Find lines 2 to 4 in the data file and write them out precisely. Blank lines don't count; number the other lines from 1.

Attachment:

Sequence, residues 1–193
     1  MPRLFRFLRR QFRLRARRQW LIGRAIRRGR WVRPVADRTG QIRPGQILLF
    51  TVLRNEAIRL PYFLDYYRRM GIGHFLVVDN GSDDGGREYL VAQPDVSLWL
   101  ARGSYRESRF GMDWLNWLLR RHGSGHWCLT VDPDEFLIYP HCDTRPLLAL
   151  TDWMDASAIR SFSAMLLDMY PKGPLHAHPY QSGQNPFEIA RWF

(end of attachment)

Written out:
     1  MPRLFRFLRR QFRLRARRQW LIGRAIRRGR WVRPVADRTG QIRPGQILLF
    51  TVLRNEAIRL PYFLDYYRRM GIGHFLVVDN GSDDGGREYL VAQPDVSLWL
   101  ARGSYRESRF GMDWLNWLLR RHGSGHWCLT VDPDEFLIYP HCDTRPLLAL